by Microsoft Game Studios
If any title was going to get Xbox Live off to a great start it was going to be MechAssault. Unlike the almost simulation qualities of the PC MechWarrior titles, MechAssault is almost pure FPS action. The idea of getting evolved in a kind of Mech global combat will be a deal clincher in itself for both the Xbox and MechAssault. But what's it like if you, like us, don't have Xbox Live? We've put MechAssault through it's paces to see what it's like as a single player game.
OK let's get the big disappointment right out of the way. The game is not subtitled and you'll be missing out on all the verbal messages that come your way throughout the missions. We looked at MechWarrior Mercenaries a few days ago and it suffered from the same problem. Thankfully it's not so bad a problem as it was with MechWarrior Mercenaries but nevertheless it does come as one heck of a blow to deaf gamers.
The single player game is the campaign. There are no skirmish modes against the AI so once you've finished it that's all there is. There are four difficulty settings ranging from Green to Elite. Even on the easiest of these difficulty settings you're going to have a fight on your hand after the first half dozen missions are over. The story is concerned with the world of Helios. It seems that the citizens of Helios are under threat from the Word of Blake and it's upto to smooth the way for the impending rescue invasion.
Initially you'll be fighting off troops, small tanks and destroying bases but after a handful of missions you'll be heading for the real fun, combating other Mechs. Taking on the Mechs is pure fun. It's difficult when faced with two or more but the battles are brilliant. As you progress through the game you get to control increasingly powerful Mechs, all with their own particular strengths and weaknesses. Initial you'll begin with the Cougar and the Puma but eventually you'll get your hands on the mighty Atlas. Initially there are nine Mechs available to you but for those who have Xbox Live you'll have access to the downloadable content such as extra Mechs and multiplayer maps. The Mechs are very easy to control and if you've played Halo or any other FPS on the Xbox then you instantly be familiar with MechAssaults controls as they are basically the same.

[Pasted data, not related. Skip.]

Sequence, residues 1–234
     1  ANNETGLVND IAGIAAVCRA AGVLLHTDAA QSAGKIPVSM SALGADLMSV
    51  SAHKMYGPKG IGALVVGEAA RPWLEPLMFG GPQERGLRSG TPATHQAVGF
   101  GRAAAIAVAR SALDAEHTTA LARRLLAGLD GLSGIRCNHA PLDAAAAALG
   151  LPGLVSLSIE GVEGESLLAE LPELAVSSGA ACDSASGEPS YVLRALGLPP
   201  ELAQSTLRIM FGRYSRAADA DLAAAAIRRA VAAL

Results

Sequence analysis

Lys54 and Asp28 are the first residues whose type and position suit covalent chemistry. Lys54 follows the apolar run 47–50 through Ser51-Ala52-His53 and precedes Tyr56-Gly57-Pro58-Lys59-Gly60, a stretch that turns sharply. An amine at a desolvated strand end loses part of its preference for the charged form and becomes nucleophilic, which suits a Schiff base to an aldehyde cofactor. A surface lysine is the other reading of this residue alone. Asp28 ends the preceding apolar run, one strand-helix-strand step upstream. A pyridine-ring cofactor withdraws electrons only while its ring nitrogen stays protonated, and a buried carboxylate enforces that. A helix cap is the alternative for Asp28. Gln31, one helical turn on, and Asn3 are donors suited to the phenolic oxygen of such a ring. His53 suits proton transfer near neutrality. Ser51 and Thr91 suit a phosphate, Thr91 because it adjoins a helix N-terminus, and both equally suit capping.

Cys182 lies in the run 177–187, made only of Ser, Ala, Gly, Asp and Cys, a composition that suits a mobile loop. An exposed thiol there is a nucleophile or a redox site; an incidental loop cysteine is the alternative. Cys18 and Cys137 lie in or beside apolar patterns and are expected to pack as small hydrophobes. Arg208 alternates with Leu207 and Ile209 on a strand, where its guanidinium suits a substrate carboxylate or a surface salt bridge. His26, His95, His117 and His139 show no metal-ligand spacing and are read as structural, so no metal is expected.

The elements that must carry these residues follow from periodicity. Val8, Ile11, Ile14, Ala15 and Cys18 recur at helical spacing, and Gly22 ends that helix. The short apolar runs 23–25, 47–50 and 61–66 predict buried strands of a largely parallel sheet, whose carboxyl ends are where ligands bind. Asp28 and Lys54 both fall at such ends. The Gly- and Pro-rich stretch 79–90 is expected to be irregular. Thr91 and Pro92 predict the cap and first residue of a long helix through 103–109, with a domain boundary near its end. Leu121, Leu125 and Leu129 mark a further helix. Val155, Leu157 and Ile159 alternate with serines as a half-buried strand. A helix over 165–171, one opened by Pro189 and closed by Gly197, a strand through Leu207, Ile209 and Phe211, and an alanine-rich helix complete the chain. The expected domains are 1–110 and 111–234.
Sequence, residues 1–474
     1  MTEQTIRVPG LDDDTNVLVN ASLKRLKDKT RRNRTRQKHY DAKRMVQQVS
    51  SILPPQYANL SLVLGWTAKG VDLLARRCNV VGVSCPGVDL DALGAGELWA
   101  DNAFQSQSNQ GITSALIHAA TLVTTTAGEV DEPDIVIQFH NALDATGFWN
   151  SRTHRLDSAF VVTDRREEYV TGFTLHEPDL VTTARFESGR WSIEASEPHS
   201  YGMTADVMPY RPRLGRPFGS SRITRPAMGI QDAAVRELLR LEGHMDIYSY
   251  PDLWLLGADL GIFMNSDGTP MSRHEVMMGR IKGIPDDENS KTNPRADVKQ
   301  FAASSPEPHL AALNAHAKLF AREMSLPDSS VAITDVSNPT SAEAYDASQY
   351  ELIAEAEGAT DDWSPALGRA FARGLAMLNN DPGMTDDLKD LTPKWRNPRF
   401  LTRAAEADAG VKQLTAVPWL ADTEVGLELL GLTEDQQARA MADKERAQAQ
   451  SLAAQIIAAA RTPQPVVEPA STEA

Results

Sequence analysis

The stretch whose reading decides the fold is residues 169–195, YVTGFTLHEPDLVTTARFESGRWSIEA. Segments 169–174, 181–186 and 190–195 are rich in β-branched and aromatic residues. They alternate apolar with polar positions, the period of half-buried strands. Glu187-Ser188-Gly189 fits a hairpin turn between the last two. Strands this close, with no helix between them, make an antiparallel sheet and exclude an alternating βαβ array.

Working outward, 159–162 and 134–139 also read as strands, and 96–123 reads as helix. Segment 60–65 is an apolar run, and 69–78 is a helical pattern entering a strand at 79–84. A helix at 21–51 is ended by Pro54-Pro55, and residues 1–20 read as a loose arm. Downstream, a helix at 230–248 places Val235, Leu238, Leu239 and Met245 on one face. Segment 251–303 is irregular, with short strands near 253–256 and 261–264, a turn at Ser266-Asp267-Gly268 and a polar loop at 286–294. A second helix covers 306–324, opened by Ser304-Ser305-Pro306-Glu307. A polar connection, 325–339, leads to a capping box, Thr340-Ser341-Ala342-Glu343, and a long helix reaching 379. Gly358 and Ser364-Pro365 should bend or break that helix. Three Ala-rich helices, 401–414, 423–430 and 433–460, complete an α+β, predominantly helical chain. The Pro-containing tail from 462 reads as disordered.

The most impressive feature of the game has to be the explosions, they are simply the best seen in a game. Buildings are destroyed in a very realistic manner and it all looks very impressive. Best of all though even if the most hectic of battles the framerate never drops at all which again is very impressive. Explosions are not the only nice touch either. You can stealth your Mech so as it's invisible and it's rather funny to see nothing but footprints on the ground. The look of the game fits in splendidly with other MechWarrior titles.
We've already mentioned that there are no subtitles in the game, which is a crying shame but that doesn't mean the game is unplayable, it's just that deaf gamers are once more cut off from the story. You are given some brief details before a mission starts and if you press the start button to pause the game you are given a very brief summary of the objectives. A compass which is on the bottom left of the screen, points the way to your objectives and items that must be destroyed are highlighted with pointers over them. Whilst these are nice additions, they don't compensate for the lack of subtitles in the game.
As a single player game MechAssault is impressive, at least it would be if it were subtitled. You can play 2 player multiplayer but obviously this isn't going to compare with the eight player matches that can be had on Xbox Live. If you're a fan of the MechWarrior titles, or indeed FPS games then there is much to like about MechAssault but in terms of suitability for deaf gamers it is not that impressive.
Game Rating: 6.0/10